Journal of Forest Economics > Vol 21 > Issue 4

Determinants of China's lumber import: A bounds test for cointegration with monthly data

Han Zhang, College of Economics and Management, Northwest A&F University, China, Qing Zhao, School of Geomatics, Yangling Vocational & Technical College, China, Jari Kuuluvainen, Department of Forest Sciences, University of Helsinki, Finland, Changhai Wang, Rural Development Institute, Chinese Academy of Social Sciences, China, Shiping Li, College of Economics and Management, Northwest A&F University, China, lishiping32@126.com
 
Suggested Citation
Han Zhang, Qing Zhao, Jari Kuuluvainen, Changhai Wang and Shiping Li (2015), "Determinants of China's lumber import: A bounds test for cointegration with monthly data", Journal of Forest Economics: Vol. 21: No. 4, pp 269-282. http://dx.doi.org/10.1016/j.jfe.2015.10.002

Published: 0/12/2015
© 0 2015 Han Zhang, Qing Zhao, Jari Kuuluvainen, Changhai Wang, Shiping Li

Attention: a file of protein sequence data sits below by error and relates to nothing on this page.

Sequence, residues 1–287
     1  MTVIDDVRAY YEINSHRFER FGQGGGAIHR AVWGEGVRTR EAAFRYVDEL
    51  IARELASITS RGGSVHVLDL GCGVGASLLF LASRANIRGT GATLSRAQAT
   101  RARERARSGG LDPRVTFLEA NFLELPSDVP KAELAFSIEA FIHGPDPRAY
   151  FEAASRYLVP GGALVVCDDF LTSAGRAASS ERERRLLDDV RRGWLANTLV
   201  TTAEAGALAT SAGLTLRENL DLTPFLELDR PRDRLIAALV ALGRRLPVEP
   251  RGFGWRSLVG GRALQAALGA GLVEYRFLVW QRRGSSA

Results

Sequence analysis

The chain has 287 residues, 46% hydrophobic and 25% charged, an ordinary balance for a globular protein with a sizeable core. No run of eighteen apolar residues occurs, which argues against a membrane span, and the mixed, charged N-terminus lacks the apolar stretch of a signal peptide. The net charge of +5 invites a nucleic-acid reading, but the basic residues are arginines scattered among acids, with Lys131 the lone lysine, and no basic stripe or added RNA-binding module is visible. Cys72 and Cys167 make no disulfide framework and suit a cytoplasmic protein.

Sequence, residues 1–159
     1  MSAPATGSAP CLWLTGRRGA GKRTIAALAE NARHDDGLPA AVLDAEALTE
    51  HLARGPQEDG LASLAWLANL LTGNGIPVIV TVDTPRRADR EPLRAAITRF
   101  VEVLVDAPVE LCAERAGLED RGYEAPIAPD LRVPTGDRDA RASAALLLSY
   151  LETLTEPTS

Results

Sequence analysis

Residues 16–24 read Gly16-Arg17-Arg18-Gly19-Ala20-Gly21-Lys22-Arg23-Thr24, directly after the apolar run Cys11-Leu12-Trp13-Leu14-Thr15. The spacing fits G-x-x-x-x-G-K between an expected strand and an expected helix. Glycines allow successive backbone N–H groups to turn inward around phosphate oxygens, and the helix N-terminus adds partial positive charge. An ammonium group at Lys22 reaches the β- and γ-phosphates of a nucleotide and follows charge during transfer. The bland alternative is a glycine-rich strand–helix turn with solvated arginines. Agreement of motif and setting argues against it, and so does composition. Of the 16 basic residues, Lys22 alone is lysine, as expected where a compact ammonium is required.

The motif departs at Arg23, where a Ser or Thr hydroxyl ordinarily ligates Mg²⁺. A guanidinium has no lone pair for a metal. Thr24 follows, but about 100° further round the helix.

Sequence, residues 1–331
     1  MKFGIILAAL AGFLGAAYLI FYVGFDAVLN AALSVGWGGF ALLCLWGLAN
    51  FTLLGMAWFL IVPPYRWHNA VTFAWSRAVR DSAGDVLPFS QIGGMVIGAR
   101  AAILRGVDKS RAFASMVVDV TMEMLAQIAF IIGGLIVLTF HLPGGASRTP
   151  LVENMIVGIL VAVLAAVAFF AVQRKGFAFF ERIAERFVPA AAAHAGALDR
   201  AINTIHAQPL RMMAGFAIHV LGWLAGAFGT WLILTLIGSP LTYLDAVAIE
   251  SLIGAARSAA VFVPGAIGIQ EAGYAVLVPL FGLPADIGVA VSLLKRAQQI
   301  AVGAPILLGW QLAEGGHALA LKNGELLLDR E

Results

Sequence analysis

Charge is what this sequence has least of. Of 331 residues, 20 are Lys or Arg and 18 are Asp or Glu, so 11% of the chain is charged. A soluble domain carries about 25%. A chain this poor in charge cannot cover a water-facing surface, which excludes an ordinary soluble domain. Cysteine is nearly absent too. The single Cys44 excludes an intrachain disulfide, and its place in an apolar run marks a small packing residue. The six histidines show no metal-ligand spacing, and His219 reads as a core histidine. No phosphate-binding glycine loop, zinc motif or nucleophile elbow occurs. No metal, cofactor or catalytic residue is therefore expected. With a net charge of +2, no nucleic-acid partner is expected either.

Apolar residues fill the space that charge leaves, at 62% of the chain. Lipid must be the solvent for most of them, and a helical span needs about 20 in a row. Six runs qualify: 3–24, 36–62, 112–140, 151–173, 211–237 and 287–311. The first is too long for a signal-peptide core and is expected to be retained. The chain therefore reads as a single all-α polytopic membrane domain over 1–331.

Subjects
 
Keywords
C32F14Q21Q23Lumber import demandChinaBounds testCointegrationLong- and short-run elasticities
 

Article Help

Share

Download article
In this article:
Introduction
Theoretical model
Materials and methods
Empirical results
Conclusions

Abstract

This paper estimates the long- and short-run demand equations for imported lumber based on classical production theory. Chinese monthly data from January 2000 to December 2013 are used. To account for the mixed integrated orders of variables and to control for the potential endogeneity, the bounds testing approach for cointegration is employed within an autoregressive distributed lag framework. The results show that there exists a long-run cointegrating relationship between China's lumber import and some specific explanatory variables. In the long run, the import demand is found to be elastic with respect to the lumber import price and a macroeconomic shifter at the 5% statistical level. Imported lumber seems to be a complement to other input factors, but the effect is not statistically significant. As expected, the short-run price and income elasticities are smaller in absolute terms than their long-run counterparts. The projection indicates China's future lumber imports will probably keep growing, but with a slower annual growth rate than observed in the past.

DOI:10.1016/j.jfe.2015.10.002